My formative years were spent in a Jesuit institution in Darjeeling. It was under the tutelage of Jesuits that I developed an interest in all things educational. I remember not only learning to grapple with the intricacies of different subjects but also how our teachers regularly accompanied us as we grew into adulthood. They mentored us and gave us a worldview with which we were able to cope with whatever came our way in our journey through life.
After school, college was an anti-climax. The lectures were one size fits all and we found ourselves doodling the time away, passing notes and making plans for after class. Just before the exams, we mugged frantically so as to pass. Later, I found that most schools too fell in this category.
Things have changed in the 21st century. Take the Khan Academy, an online library with a difference. Started by Salman Khan aka Sol Khan, a former student of the Massachusetts Institute of Technology and a Harvard MBA, the mission of his “not-for-profit Khan Academy is to deliver world-class education to anyone anywhere”. The site, www.khanacademy.org, has 3,200 videos on subjects such as maths, science, economics and humanities and online lectures on almost all subjects. Students can attempt the practice exercises and refer back to the video if they face difficulties. There are even tutorials for SAT, GMAT and JEE.
The content of each subject is very interesting. For example, they just don’t teach you how to solve equations in algebra but start with videos exploring why algebra was developed and how it helps us explain the world.It goes on to conceptual videos and then to worked examples starting from the basics to higher algebra. Another video teaches about curves and graphs with doodles involving snakes and ropes.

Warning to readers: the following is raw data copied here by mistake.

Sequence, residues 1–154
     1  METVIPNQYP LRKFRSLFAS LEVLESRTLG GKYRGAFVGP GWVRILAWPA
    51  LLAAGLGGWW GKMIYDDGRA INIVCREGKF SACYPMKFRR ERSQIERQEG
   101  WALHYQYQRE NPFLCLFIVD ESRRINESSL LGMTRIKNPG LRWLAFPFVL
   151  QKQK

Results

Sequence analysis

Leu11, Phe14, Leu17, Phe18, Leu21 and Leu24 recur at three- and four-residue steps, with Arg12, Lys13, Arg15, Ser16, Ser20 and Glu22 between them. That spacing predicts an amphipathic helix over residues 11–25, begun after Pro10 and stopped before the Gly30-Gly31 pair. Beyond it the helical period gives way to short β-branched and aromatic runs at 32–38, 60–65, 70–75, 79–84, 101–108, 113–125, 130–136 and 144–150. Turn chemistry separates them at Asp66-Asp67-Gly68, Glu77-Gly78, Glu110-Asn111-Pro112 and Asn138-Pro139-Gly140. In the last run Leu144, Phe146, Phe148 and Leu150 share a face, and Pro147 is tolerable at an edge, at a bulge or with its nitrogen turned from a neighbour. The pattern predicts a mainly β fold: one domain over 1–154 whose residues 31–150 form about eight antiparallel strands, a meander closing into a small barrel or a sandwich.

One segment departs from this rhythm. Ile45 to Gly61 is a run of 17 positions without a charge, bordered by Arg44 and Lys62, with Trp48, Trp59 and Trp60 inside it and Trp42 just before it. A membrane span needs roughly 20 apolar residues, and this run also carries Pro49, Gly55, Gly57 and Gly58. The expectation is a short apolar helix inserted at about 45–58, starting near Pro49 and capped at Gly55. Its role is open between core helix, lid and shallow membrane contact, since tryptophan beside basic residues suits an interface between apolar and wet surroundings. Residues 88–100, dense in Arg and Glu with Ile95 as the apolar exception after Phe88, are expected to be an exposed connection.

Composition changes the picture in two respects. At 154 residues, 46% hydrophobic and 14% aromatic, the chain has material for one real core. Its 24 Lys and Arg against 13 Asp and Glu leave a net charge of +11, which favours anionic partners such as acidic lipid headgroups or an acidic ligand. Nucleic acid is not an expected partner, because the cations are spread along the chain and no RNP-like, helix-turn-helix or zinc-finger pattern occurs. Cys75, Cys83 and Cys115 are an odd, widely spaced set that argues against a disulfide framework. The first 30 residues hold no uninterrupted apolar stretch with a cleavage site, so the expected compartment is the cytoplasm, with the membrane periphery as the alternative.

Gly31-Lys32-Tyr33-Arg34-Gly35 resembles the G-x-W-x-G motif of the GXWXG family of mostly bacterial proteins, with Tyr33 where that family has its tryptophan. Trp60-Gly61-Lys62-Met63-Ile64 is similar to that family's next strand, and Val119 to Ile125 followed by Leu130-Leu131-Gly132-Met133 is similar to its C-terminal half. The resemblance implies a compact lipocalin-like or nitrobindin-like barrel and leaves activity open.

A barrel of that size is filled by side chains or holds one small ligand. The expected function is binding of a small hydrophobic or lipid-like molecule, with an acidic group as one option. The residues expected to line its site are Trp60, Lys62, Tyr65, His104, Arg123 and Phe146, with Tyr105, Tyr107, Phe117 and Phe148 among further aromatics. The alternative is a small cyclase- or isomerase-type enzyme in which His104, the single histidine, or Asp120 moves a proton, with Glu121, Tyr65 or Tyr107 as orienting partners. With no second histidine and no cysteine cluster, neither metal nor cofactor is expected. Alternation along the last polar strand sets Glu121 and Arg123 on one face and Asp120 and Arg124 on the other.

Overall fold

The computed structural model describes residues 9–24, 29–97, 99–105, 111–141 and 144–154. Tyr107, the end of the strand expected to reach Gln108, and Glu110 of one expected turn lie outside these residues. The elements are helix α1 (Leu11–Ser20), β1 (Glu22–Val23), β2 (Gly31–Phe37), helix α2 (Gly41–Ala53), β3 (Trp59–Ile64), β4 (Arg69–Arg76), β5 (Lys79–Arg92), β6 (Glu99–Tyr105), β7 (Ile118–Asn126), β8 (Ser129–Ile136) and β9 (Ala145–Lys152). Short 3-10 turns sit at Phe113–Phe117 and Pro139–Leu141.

Consider this scenario: kids in a classroom solve problems at their own pace using a computer program that gives them instant feedback. They can pause and rewind the short video lectures again and again till they learn how to solve the problem. They take a test, get rewarded for getting all their answers correct and then move on. Add to it the fun of earning badges, which can become a game of who earns the maximum. It is bound to make progress rapid. The computer program is the Khan Academy. The technique they use is called “mastery based learning”.
This idea was sparked while the 35-year-old Khan was helping his teenage cousin with her algebra. Soon he replaced his explanations over the phone with videos. He saw how this could help other students so he started taping lectures on other subjects as well. While explaining, he does extensive board work to illustrate his point. He uses the same technique to illustrate history lessons and explain concepts and events with the help of maps and other drawings.
Khan Academy now has an app for the iPad, which you can download for free from the iTunes store. It includes downloadable video, which you can watch offline. There are several free apps, categorised subject wise, for the iPhone. This app is also available on Android devices.
Khan Academy’s free online educational videos are moving into classrooms across the world with the backing of Bill Gates and Google. Their goal is to revolutionise how we teach and learn. Time magazine has named Khan one of the 100 most influential men in the world. So is this going to be the future of education?
“True learning is about having curiosity and questioning everything. Learning does not occur just because someone comes up with a novel way to package it,” says an experienced teacher. However, Khan Academy lectures are lucid, brief and so interesting that anyone, even a child, can understand them. And they are also a great refresher course for teachers.